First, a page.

Ubuntu backer Canonical has declined to discuss an intellectual property deal with Microsoft as long as the company refuses to disclose the patents that it believes are violated in open source software.
Canonical is the corporate sponsor of the Ubuntu Linux distribution. The software is best known for its desktop version of the open source operating system but also offers a server version and is developing software to run mobile devices.
"We have declined to discuss any agreement with Microsoft under the threat of unspecified patent infringements," Mark Shuttleworth, founder of Canonical, wrote on his blog.
"Allegations of 'infringement of unspecified patents' carry no weight whatsoever. We do not think they have any legal merit, and they are no incentive for us to work with Microsoft on any of the wonderful things we could do together.
"A promise by Microsoft not to sue for infringement of unspecified patents has no value at all and is not worth paying for."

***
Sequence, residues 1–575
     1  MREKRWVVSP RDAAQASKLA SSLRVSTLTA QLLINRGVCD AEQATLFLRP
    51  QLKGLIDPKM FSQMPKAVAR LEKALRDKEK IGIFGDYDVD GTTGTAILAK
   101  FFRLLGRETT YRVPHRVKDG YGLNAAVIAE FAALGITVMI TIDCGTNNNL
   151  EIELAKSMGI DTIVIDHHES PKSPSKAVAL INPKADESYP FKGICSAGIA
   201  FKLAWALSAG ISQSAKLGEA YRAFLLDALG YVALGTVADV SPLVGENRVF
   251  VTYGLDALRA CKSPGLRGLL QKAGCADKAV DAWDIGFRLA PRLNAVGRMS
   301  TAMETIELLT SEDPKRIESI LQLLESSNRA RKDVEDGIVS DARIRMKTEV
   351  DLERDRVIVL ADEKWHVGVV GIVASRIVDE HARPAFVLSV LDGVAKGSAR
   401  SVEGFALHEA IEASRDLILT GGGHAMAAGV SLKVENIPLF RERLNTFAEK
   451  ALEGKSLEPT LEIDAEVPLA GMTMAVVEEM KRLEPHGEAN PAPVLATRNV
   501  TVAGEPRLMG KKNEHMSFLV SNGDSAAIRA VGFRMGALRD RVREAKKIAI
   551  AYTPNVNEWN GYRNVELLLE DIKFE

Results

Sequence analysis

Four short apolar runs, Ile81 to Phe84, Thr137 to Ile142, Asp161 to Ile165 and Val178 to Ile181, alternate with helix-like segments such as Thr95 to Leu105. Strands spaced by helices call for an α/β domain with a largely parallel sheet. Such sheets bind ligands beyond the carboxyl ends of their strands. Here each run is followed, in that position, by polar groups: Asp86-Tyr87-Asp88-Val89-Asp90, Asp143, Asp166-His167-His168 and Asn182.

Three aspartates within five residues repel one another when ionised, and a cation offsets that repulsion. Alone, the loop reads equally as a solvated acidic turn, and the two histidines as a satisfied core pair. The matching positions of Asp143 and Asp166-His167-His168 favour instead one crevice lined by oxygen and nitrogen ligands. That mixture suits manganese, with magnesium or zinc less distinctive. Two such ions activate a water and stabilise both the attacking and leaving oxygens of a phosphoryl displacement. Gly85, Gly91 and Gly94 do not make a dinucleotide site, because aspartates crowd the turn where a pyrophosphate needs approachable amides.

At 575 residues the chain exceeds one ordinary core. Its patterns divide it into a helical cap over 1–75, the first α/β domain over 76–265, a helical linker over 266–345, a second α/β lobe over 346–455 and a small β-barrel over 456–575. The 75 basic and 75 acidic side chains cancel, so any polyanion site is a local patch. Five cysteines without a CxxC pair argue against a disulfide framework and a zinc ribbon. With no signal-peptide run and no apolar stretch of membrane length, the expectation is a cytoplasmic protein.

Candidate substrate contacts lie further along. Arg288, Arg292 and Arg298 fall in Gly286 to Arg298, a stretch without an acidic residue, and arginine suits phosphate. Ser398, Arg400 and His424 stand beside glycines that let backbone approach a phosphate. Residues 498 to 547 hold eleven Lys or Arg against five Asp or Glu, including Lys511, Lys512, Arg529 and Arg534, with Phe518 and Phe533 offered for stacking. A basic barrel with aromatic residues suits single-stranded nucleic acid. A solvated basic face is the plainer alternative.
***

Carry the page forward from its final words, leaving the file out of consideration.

Shuttleworth pointed out that patent licensing companies pose a far greater risk than Microsoft, and that a Microsoft agreement would not protect users from those threats.
Patent licensing companies use patents solely to generate licence revenues and do not sell products based on the patents.
Microsoft is trying to improve the interoperability between its software and open source alternatives, but continues to insist that it should be compensated for its patents that open source software allegedly violates.
The firm claimed in May that it had identified 235 patents violated by open source applications, but declined to identify any of the individual patents.
Microsoft has also repeatedly said that it has no interest in filing legal claims against individual developers or end users of open source software.
Instead of requiring users and developers to pay for its intellectual property, Microsoft is looking at Linux vendors to do so.
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